Eat This Now, Before They Tell You Not To

Why the U.S. dietary guidelines keep changing and how to read them.

Confused About What to Eat? You're Not Alone.

As Jerry Seinfeld might say, what's the deal with nutrition science? One day eggs are bad, next day they're good. Or good in moderation. Who knows?

One reason what to eat is so hotly debated is all the money tied up in it. The dietary guidelines the U.S. government issues every five years are the culmination of a process that involves not only nutritionists, doctors, and other health professionals but also the food industry and its many lobbyists. 

In the latest guidelines, issued early this year, the expert panel’s preliminary report included advice to lower consumption of red and processed meats, for the environment as well as for your health. The meat industry weighed in, and in the final version only men and teenage boys were urged to eat less protein. The environment was cut out of the equation altogether.  The U.S. Department of Agriculture and the U.S. Department of Health and Human Services have said that the guidelines are based on a rigorous review of scientific evidence and consideration of comments from the public and federal agencies.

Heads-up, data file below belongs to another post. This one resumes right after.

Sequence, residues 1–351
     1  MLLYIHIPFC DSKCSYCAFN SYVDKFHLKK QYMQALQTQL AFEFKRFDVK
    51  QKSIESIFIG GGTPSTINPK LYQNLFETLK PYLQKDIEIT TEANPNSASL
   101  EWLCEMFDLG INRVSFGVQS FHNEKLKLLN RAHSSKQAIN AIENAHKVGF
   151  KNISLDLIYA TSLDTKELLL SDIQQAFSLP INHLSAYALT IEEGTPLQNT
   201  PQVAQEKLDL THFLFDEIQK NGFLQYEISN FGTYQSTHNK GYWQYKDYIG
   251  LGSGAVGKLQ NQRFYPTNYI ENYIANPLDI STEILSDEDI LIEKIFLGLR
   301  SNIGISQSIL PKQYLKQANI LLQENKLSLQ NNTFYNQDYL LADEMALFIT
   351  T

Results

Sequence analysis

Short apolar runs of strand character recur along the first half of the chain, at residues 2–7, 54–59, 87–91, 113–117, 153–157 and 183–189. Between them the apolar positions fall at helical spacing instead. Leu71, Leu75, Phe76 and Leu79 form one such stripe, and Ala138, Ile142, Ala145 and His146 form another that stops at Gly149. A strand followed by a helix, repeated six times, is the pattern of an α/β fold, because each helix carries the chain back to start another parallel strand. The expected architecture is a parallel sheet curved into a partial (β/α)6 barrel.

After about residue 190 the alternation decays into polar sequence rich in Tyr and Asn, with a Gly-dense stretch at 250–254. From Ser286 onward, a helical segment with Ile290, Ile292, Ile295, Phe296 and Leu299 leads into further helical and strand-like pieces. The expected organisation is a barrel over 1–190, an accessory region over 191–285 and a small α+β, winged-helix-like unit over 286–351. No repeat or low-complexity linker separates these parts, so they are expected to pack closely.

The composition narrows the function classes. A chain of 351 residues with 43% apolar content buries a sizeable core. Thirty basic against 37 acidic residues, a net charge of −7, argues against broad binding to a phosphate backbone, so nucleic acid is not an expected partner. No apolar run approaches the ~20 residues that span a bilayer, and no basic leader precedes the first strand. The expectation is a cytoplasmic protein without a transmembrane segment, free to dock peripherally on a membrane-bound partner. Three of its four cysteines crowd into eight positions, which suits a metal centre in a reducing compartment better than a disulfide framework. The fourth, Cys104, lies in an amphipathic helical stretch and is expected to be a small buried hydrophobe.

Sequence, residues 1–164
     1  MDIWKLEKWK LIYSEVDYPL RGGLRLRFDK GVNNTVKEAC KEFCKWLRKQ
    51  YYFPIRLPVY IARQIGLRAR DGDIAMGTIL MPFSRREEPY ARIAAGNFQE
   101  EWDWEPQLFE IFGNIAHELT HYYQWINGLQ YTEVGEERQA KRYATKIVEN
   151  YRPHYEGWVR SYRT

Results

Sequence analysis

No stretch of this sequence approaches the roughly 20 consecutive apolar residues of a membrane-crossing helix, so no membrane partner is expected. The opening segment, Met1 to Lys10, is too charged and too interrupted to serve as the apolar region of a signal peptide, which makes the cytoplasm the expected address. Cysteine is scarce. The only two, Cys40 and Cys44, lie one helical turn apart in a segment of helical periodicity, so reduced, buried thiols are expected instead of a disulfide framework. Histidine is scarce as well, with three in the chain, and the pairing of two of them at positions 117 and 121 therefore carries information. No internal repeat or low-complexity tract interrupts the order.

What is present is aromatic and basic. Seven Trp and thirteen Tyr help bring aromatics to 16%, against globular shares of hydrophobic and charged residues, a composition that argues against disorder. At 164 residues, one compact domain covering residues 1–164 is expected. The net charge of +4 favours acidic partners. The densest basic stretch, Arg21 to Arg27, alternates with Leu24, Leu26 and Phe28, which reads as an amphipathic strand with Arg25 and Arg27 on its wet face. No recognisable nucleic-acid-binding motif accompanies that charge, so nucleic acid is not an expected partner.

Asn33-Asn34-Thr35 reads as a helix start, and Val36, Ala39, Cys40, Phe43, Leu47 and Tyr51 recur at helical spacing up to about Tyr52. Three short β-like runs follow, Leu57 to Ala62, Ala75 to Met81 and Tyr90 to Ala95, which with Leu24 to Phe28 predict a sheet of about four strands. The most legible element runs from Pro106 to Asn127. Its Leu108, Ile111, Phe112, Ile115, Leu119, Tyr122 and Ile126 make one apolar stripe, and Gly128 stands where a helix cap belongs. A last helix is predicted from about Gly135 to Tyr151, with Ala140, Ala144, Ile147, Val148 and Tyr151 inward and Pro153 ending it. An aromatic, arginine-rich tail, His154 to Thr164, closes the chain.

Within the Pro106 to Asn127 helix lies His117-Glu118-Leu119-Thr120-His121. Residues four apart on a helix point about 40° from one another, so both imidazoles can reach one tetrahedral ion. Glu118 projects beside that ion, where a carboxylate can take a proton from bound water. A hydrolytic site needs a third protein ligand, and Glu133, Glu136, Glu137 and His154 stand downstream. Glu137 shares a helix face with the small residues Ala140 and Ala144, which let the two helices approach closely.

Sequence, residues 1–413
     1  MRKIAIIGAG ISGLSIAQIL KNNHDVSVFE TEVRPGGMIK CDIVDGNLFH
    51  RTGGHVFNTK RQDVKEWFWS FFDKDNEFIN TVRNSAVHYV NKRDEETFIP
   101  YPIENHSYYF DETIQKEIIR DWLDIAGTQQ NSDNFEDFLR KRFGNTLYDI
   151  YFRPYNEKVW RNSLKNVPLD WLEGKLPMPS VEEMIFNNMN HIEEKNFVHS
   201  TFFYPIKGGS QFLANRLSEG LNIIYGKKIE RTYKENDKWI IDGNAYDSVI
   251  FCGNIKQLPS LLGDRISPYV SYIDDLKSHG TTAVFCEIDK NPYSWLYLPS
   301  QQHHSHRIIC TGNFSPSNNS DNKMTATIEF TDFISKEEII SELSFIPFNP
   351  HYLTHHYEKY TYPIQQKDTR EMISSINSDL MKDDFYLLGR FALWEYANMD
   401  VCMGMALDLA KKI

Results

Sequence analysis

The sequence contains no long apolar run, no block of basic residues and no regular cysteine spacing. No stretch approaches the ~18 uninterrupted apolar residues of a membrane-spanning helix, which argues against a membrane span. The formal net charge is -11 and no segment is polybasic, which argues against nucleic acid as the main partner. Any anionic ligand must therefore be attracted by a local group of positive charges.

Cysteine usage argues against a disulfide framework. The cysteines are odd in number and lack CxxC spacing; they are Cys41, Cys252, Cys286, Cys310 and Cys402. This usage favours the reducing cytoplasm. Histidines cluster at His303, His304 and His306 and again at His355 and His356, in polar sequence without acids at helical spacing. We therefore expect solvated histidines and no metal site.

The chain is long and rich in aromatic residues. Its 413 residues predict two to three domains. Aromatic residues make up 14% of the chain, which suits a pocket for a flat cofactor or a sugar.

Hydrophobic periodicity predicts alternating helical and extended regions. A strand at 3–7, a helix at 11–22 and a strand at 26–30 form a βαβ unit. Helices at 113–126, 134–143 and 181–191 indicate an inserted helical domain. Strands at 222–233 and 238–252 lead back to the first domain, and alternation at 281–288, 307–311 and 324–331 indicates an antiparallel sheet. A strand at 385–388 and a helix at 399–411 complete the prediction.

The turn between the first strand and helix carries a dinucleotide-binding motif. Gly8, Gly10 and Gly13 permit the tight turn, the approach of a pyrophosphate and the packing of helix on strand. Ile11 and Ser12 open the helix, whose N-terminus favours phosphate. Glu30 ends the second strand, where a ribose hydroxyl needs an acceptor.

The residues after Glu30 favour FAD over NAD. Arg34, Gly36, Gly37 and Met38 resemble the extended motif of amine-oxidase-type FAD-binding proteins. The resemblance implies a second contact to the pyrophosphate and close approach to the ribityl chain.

The science changes, too. Eggs were once considered a driver of heart disease, because of their high cholesterol content. According to some recent research, healthy people can eat eggs without much of a problem. Fats, too, are no longer entirely shunned, but broken down into good and bad. Trans fats (in processed foods) and saturated fats (in dairy and red meat) are bad. Unsaturated fats (in olive oil and nuts) are good.

The nuance, if not the cholesterol, could kill you.

People don’t shop for unsaturated fats. They shop for food. Maybe the government should keep it simple: More fruits and vegetables. Less processed food and soda. Lean meats, fish, nuts, and beans. Whole grains. Not too much of anything. Except maybe the vegetables.